Know your rights—and the tenant’s, too.
Whether you’re looking to take advantage of a seller’s market or simply tired of landlord life, there are plenty of reasons you might need to sell a tenant-occupied property. Sure, it’s your house to sell, but having renters does affect the process. Violating lease agreements or upsetting a tenant could slow things down, so you’ll want to understand tenants rights and approach selling your tenant-occupied property with care and plenty of research.
One of the biggest challenges of sell a tenant-occupied property is that there are so many variables. Here are a few different ways to approach the sale, depending on your situation.
Month-to-month leases are typically the most flexible rental situations. Depending on your state and city, you may only need to give your renters a 30 or 60 days notice before you need them to vacate the property and surrender possession. Make sure to provide notice (in the manner required by your lease) to your tenant detailing when the agreement will end.
Landlords can typically terminate month-to-month leases without cause or explanation, so you aren’t required to tell your tenant about the sale however, this is rarely a bad idea as in many instances your tenant may be interested in purchasing the unit if they are able to qualify for financing to do so. Furthermore, any housekeeping measures you need to take (think: preparing for inspections or open houses) may go more smoothly if you keep your tenant in the loop.
Longer leases can slow down the process of selling a tenant-occupied property. Unless your lease includes an early termination clause, your renter has the right to live in the property until the lease is up—assuming he or she is paying rent and hasn’t violated the terms of the lease agreement.
The bottom line is, if a renter is following the rules and paying regularly, they don’t lose their right to call your house their home just because you want to sell. In this instance it may be best to wait until the lease has expired before selling your tenant-occupied property.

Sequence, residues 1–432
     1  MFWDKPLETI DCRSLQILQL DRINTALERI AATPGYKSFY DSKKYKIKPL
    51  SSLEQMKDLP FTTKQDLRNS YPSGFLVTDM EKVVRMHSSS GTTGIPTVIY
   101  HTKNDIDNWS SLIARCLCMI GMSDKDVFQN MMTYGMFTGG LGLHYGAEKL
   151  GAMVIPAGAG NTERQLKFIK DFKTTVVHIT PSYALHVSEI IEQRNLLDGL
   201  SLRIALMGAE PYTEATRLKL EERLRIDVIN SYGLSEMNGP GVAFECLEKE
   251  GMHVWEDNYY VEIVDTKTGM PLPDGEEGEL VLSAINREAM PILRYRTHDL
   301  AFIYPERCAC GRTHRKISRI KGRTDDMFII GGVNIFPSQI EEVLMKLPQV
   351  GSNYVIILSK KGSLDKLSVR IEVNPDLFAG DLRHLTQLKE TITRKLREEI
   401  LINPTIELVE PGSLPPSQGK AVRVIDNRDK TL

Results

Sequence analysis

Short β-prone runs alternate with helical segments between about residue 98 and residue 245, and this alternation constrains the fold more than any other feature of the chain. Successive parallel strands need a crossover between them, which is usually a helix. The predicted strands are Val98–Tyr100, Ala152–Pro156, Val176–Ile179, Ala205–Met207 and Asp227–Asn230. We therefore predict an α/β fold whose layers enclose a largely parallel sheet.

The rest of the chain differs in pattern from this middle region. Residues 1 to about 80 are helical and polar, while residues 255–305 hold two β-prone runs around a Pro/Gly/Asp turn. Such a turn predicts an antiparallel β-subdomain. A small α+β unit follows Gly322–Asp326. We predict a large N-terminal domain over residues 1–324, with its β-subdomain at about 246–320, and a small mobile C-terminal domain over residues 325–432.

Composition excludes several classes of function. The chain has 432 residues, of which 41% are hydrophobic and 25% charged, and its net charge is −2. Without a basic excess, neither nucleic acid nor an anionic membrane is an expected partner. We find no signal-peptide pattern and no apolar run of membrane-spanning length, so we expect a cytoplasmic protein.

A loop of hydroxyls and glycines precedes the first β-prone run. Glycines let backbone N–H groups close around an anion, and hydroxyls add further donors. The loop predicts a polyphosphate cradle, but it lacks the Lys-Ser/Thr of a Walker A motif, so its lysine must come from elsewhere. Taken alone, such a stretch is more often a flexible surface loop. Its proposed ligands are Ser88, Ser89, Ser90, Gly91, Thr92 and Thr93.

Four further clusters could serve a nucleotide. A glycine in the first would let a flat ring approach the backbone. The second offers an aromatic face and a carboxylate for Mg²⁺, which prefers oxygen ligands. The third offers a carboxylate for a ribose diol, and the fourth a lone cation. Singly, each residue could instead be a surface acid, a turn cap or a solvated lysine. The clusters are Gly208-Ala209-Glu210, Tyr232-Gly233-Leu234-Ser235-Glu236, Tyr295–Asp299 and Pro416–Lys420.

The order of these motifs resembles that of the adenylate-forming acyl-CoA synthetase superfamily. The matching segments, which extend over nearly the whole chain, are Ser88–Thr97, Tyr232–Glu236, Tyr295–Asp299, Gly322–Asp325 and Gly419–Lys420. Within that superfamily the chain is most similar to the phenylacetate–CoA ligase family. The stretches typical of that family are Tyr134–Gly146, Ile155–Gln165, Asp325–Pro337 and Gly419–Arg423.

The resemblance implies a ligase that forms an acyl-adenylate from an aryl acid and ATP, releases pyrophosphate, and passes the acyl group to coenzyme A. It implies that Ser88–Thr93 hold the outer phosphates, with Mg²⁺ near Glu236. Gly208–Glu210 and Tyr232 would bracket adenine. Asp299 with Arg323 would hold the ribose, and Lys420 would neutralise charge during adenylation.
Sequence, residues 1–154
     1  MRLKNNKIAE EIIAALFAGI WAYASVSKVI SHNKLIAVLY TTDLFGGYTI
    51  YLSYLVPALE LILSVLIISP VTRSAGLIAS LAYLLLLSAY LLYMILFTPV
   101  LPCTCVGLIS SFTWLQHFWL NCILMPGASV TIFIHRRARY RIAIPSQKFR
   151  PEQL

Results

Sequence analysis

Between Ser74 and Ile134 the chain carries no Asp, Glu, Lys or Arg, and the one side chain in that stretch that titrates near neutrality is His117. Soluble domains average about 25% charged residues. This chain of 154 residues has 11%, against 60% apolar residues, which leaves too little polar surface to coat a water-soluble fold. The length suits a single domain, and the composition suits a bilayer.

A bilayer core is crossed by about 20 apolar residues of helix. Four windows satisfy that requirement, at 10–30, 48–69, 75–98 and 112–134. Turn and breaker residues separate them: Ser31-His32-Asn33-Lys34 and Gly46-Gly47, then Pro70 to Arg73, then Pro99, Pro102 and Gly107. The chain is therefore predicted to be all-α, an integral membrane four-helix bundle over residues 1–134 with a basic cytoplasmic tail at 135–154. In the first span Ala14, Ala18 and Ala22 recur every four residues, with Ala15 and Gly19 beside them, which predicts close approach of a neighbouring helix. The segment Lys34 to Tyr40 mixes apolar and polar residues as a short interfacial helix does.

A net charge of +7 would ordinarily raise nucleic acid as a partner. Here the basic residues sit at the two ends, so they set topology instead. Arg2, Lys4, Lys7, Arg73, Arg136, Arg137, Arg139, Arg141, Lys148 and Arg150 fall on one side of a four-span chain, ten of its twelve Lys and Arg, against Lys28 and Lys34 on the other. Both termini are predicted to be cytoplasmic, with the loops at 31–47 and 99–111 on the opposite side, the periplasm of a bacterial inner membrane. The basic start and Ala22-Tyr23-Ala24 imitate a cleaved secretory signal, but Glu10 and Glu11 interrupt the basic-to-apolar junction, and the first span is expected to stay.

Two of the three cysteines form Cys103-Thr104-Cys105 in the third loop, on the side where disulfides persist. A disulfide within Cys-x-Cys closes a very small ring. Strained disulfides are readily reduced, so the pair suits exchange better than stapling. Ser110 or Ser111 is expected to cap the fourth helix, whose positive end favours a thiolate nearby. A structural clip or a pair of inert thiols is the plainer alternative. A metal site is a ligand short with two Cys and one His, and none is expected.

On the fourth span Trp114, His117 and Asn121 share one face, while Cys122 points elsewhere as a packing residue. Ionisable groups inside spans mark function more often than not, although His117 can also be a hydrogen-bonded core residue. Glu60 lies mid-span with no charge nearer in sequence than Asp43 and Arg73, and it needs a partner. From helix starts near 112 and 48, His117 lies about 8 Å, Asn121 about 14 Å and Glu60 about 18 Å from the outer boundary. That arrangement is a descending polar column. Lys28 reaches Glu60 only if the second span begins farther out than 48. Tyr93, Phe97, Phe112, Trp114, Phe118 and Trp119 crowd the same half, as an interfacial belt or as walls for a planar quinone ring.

If you and your tenant have a rocky relationship, you’ll want to be careful not to make any moves that compromise the sale. Showing the home to potential buyers while an uncooperative renter is still living there, for example, is risky.
An uncooperative tenant may be less willing to tidy the house for prospective buyers or could refuse to leave the house while potential buyers view it, making for an awkward sales experience and ultimately delaying or sabotaging the sale all together.
At the end of the day, selling your tenant-occupied property will go much more smoothly if you and your tenant can cooperate. You could try offering a break on rent for their cooperation, meaning they not only agree to showings, but they also make the bed, contain any pets, and clear the dirty dishes from the sink before showings in exchange for a reduction in the monthly rent. This strategy makes sense for both parties allowing the tenant to save some month in exchange for the inconvenience associated with showing the unit, but also the uncertainty of knowing when the unit will sell and when they need to move. It benefits you the seller by reducing your carrying cost and allowing you to continue to collect an income stream on the property during the marketing and sale of your rental property.
Sell to Your Tenant
If your tenant really doesn’t want to leave, ask if they want to buy the property. If they already know and love the home (plus, their stuff is already there), they could be your best buyer. If they can’t get a mortgage, consider seller financing. Here, you’re the seller and the lender, letting your tenant make payments to you. While this isn’t always the best fit for sellers and their circumstances, if it spares you the hassle of waiting for the lease to end and going through a lengthy sales process as well as some of the costs associated with such and thus, it could be worth it.
Sell to an Investor
Homebuyers in the market for their own home aren’t typically interested in waiting out someone’s lease agreement, but you may have better luck selling to another investor. However, you’ll likely be dealing with a smaller market, and the new landlord or company will need to honor the tenant’s existing lease.
Pay Your Tenant to Vacate
Yes, it sounds counter-intuitive if you’re selling the property to make a profit. But if you’re in a rush to sell your tenant-occupied property, you may need to sweeten the deal. How much should you offer? Start by scanning similar properties to compare rent prices. If typical rents are more than you’ve been charging, offer to pay the difference multiplied by the number of months left on your tenant’s lease. You could also pay the moving costs or offer cash to cover the next security deposit.